But then Mr. Evans had died and those ridiculous men with their self-important briefcases kept stopping by Elizabeth’s house, and she realized that she might have picked up some of Mr. Sloane’s judgmental ways. That’s why she’d gone that day to check on Elizabeth. Because while she was stuck forever being Mrs. Sloane—she was a Catholic—she never wanted to turn into a Mr. Sloane. And besides, she knew what newborns were like.

Call me, she begged, peeking through her curtains at the house across the street. Call me. Call me. Call me.

On the other side of the street, Elizabeth had picked up the phone to dial Harriet Sloane at least a dozen times in the last four days, but each time she’d failed to complete the call. She’d always thought herself a capable human being, but suddenly, based solely on the small amount of time she’d spent in Harriet’s presence, she realized she was not.

She stood at the window and looked across the street. A sort of desperation gripped her. She’d had a baby and would be raising it to adulthood. My god—adulthood. From across the room, Madeline announced it was feeding time.

“But you just ate,” Elizabeth reminded her.

“WELL I DON’T REMEMBER,” Madeline screamed back, formally initiating the least fun game in the world: Guess What I Want Now.

She had another problem: every time Elizabeth looked into her daughter’s eyes, Calvin looked back. It was unnerving. The truth was, she was still mad at Calvin—the way he’d lied to her about her research funding, the way his sperm defied the contraceptive odds, the way he’d run outdoors when everyone else ran indoors in ballet slippers. She knew being mad at him was unfair, but grief is like that: arbitrary. Anyway, no one else knew how mad she was; she’d kept it to herself. Well, except during labor, when she might have shouted some regrettable things, her fingernails possibly digging into some unknown person’s forearm as the bigger contractions took hold. She remembered someone besides herself shrieking and swearing. It seemed strange and unprofessional.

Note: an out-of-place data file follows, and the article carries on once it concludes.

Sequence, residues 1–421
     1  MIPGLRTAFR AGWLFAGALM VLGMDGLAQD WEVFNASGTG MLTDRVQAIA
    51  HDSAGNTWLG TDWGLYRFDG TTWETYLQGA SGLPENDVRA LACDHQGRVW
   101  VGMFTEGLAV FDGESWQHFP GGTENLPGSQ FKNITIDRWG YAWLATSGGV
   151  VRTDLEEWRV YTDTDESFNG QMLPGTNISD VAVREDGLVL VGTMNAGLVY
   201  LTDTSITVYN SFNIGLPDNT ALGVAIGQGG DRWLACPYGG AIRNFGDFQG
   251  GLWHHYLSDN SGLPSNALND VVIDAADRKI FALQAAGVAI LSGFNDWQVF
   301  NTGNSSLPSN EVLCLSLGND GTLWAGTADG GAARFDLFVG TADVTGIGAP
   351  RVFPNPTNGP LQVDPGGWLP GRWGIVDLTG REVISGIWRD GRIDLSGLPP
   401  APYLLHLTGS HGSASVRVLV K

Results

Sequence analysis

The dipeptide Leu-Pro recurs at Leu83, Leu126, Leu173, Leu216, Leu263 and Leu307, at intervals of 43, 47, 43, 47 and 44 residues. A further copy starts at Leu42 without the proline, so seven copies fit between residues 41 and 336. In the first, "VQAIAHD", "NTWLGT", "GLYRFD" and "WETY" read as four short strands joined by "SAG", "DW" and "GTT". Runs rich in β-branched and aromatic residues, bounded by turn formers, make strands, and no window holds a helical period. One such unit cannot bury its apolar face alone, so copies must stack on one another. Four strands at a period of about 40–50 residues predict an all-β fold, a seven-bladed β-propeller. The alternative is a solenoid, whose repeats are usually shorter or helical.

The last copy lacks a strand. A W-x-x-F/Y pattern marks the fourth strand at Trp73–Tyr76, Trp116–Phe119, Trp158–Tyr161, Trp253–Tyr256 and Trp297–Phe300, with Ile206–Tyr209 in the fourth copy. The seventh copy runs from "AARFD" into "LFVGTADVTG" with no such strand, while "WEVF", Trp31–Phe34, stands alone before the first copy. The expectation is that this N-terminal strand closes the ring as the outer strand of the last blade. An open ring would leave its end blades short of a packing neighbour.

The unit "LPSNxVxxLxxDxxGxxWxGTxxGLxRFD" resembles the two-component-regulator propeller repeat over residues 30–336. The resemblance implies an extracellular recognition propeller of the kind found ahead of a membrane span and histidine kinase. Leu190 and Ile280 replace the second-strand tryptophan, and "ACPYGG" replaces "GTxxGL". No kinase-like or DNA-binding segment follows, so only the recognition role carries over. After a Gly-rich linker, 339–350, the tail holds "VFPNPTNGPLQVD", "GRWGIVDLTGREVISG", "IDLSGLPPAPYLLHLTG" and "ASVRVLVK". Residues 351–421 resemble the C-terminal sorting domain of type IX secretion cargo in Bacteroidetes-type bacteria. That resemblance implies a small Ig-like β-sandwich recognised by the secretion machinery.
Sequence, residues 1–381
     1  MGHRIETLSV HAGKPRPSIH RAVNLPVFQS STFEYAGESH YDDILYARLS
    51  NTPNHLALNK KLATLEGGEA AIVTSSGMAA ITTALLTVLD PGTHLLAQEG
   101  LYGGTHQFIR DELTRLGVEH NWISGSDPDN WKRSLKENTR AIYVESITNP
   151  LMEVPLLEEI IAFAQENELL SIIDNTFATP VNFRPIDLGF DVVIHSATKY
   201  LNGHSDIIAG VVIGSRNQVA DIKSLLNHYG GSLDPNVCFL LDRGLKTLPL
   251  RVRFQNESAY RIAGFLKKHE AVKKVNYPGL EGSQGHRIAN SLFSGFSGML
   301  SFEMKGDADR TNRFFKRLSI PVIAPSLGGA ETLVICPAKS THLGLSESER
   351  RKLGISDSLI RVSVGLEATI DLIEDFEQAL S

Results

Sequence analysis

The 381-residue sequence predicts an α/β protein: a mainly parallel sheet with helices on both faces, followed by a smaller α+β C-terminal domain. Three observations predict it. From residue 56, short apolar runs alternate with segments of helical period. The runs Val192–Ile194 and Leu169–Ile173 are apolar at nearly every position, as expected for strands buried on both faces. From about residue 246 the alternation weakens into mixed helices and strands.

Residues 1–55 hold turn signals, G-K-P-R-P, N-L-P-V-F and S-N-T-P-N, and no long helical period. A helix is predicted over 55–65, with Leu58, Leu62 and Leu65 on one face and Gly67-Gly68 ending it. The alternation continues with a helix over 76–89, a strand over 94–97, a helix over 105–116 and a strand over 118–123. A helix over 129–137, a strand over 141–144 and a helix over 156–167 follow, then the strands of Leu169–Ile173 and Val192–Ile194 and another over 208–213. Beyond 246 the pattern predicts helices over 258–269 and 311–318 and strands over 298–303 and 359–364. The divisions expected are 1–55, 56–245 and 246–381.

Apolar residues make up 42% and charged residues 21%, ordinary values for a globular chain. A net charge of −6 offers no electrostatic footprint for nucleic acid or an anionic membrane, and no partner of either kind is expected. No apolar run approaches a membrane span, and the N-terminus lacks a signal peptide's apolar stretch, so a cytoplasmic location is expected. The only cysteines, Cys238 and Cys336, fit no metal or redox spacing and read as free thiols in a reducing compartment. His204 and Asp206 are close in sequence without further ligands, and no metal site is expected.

So, sometime after it was all over, when a nurse came in with a stack of papers demanding to know something—how she felt?—she decided to tell her.


“Mad?” the nurse had asked.

“Yes, mad,” Elizabeth had answered. Because she was. “Are you sure?” the nurse had asked.

“Of course I’m sure!”

And the nurse, who was tired of tending to women who were never at their best—this one had practically engraved her name on her arm during labor—wrote “Mad” on the birth certificate and stalked out.

So there it was: the baby’s legal name was Mad. Mad Zott.

Elizabeth only discovered the issue a few days later at home when she’d stumbled across the birth certificate in a jumble of hospital paperwork still lumped on the kitchen table. “What’s this?” she’d said, looking at the fancy calligraphed certificate in astonishment. “Mad Zott? For god’s sake! Did I take off that much skin?”

She immediately set about to rename the baby, but there was a problem. She’d originally believed the right name would present itself the moment she saw her daughter’s face, but it hadn’t.

Now, standing in her laboratory, looking down at the small lump who lay sleeping in a large basket lined with blankets, she studied her child’s

features. “Suzanne?” she said cautiously. “Suzanne Zott?” But it didn’t feel right. “Lisa? Lisa Zott? Zelda Zott?” Nothing. “Helen Zott?” she tried. “Fiona Zott. Marie Zott?” Still nothing. She placed her hands on her hips, as if bracing herself. “Mad Zott,” she finally ventured.

The baby’s eyes flew open.